Until I turned sixty-six, retired, and officially joined the ranks of “the olds,” I lived for decades as an unreflecting and unapologetic ageist. Not as a mean-spirited person and proud of being open-minded and progressive. I have always tried to guard against bias in my thoughts and actions, and to fight bigotry wherever it cast its sulphurous gloom. But somehow, my prejudices about old people seemed to be natural, to reflect the facts of life, to share in the universal consensus. Being old was simply bad, wasn’t it? This felt like a solid fact, an incontrovertible position and, in the USA, also a basically uncontroversial one. In America—youth-worshipping, plastic-surgery-tweaked America—ageism stands as one of the last widely acceptable social prejudices.
Everyone, it seems, indulges in it, even the most conscientious among us. It is reflected in our workplaces, courts, laws, and public policies. In movies, on television shows, on the nightly news, and in pharmaceutical commercial after pharmaceutical commercial, we chuckle and grin to see seniors portrayed as cute, helpless, and feeble, stumbling through what’s left of their lives in a fog of befuddlement. We have developed a whole vocabulary to express such prejudices:
Uh oh, are you having a senior moment? Can you hear me? Where are your keys? Do they still allow you to drive? Maybe just in the slow lane, with one turn signal flashing for no reason? Well, be careful. Are you sure you can handle all this by yourself?
Wow, you are so capable and independent. So youthful! How inspiring. I mean, for someone your age. But you know what they say, “eighty is the new forty.” Then come the other questions such as: What are your plans for the time you have left? A little bingo? A few laps around the old mall? Or maybe you’ll stay in, catch up on your programs? Wait! Did you remember to take your meds? Are you sure? Good for you.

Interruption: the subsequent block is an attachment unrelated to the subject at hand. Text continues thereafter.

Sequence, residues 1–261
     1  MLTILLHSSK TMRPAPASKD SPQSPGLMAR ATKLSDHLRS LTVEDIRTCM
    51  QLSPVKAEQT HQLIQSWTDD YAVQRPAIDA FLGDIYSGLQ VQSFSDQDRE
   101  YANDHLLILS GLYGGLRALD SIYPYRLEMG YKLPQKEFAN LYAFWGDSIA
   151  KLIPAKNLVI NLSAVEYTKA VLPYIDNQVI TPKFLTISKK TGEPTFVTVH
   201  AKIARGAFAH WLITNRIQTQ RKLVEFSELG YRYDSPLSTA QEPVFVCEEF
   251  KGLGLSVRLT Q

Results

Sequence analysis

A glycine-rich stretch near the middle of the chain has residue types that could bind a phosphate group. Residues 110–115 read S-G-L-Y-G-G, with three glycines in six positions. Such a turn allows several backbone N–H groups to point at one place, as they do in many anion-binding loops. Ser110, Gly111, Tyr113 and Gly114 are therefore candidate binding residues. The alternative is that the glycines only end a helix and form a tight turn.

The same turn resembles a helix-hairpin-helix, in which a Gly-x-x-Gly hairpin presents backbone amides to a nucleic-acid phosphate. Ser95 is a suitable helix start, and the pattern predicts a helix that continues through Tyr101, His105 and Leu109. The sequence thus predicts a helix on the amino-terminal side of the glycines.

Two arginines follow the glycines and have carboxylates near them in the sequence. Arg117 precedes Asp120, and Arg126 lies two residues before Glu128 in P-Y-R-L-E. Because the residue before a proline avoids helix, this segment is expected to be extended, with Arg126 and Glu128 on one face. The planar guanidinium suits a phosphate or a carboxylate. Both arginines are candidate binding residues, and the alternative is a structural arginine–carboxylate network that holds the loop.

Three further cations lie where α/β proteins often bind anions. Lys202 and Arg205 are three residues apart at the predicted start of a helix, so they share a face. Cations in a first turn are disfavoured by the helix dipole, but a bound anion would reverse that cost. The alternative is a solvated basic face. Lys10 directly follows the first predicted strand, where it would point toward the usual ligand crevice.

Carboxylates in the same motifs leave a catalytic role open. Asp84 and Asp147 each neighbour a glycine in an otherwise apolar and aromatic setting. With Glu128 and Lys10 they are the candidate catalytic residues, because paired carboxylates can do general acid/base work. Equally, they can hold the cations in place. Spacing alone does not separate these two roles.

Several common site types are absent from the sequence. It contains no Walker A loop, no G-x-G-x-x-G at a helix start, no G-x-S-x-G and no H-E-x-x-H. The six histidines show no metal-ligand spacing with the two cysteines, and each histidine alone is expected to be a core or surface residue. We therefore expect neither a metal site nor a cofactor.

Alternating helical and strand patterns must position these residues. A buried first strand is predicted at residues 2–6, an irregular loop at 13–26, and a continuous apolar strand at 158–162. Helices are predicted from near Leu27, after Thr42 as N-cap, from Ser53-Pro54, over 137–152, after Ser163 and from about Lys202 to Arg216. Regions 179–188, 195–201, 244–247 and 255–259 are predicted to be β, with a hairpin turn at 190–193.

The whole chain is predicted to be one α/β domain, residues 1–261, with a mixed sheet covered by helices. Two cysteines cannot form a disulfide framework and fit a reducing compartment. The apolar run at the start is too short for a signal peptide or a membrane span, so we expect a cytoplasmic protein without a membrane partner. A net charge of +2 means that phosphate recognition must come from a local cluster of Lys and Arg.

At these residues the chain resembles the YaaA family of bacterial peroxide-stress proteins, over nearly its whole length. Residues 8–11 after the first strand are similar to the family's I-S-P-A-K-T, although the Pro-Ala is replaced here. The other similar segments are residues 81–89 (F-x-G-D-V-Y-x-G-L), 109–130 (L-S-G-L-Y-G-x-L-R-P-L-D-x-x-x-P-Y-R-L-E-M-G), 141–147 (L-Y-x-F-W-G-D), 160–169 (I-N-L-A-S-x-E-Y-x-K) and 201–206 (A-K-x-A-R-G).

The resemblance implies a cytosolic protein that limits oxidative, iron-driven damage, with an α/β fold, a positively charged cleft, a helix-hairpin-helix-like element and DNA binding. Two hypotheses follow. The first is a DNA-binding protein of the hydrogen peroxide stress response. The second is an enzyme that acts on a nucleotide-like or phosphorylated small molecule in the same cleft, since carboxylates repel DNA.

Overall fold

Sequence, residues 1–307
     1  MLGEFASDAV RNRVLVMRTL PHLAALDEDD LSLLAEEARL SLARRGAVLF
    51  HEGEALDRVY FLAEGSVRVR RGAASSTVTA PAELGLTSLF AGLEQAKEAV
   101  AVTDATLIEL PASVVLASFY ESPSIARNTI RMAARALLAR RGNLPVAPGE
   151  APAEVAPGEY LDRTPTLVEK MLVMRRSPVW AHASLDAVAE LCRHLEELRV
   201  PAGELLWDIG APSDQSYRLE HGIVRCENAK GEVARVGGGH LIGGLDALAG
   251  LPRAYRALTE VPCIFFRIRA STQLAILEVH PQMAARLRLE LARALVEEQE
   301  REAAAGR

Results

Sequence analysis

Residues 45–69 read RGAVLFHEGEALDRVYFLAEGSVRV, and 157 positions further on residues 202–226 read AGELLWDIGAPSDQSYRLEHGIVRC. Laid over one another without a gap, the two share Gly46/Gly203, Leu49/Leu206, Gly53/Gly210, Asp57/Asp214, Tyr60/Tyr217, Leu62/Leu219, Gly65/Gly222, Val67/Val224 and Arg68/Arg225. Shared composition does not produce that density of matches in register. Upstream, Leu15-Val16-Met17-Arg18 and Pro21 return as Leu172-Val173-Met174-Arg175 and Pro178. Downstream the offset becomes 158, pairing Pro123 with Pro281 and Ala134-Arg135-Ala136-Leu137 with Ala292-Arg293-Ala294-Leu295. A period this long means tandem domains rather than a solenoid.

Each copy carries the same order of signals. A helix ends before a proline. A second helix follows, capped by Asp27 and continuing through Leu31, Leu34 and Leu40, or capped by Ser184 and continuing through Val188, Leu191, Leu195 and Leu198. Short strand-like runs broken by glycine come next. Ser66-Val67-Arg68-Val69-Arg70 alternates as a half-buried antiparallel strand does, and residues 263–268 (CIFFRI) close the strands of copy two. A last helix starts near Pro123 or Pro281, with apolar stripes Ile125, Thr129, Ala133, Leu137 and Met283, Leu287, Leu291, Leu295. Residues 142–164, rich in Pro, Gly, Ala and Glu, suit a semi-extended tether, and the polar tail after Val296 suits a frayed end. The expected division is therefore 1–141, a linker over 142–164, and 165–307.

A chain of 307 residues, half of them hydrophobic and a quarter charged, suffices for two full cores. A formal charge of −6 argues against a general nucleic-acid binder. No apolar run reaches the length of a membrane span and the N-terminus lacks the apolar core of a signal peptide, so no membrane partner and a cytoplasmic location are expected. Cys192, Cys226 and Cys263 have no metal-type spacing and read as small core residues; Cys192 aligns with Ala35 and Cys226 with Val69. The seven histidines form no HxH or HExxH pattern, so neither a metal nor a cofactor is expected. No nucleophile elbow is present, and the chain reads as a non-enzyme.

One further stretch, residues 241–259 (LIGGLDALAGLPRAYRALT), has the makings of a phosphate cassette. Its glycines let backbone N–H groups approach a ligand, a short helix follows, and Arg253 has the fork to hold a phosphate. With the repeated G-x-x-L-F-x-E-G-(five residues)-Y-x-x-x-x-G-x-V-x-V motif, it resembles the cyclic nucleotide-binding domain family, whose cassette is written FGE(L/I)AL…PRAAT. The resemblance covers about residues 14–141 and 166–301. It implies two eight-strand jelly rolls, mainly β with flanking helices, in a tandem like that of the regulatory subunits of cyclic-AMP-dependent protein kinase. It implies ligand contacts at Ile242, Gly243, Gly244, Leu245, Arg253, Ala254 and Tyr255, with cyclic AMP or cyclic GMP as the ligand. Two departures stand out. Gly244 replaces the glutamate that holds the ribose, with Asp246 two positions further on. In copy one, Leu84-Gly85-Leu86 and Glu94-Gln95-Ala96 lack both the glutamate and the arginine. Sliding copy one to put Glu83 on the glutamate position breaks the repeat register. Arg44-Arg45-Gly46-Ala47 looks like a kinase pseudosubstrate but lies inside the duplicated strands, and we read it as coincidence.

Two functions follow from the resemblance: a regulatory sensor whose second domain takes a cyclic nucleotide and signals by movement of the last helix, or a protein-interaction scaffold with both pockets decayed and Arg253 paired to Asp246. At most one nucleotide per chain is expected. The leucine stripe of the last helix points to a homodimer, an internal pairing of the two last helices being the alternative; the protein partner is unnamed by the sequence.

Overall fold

The term “ageism” is an abstraction. It strains to capture a varied and complex phenomenon. As used here, ageism comprises systematic neglect, segregation, isolation, and bigotry. Like other prejudices, it works by constructing artificial barriers. On one side of the wall, older people languish, mistreated and misunderstood, viewed less as persons than as ready-made types. On the other side, younger people lose access to a vast store of wisdom and experience, and are tempted to adopt a false vision of life—to live as if old age were something that only happened to other people. In this way, ageism acts like an environmental toxin. As it spreads, it imperils us all, old and young alike.
It is probably impossible to measure how much society loses by tolerating prejudice against the old. But for seniors, the consequences of ageism are troubling apparent. First, it sets up a dangerous loop: Age discrimination tells seniors, Time has made you infirm, obsolete, and worthless. In response—as is natural—seniors feel pressure to accept and internalize this view of themselves, with disastrous consequences for their mental and physical health. Studies have correlated experiences of ageism with memory loss, cardiovascular sickness, and low self-esteem.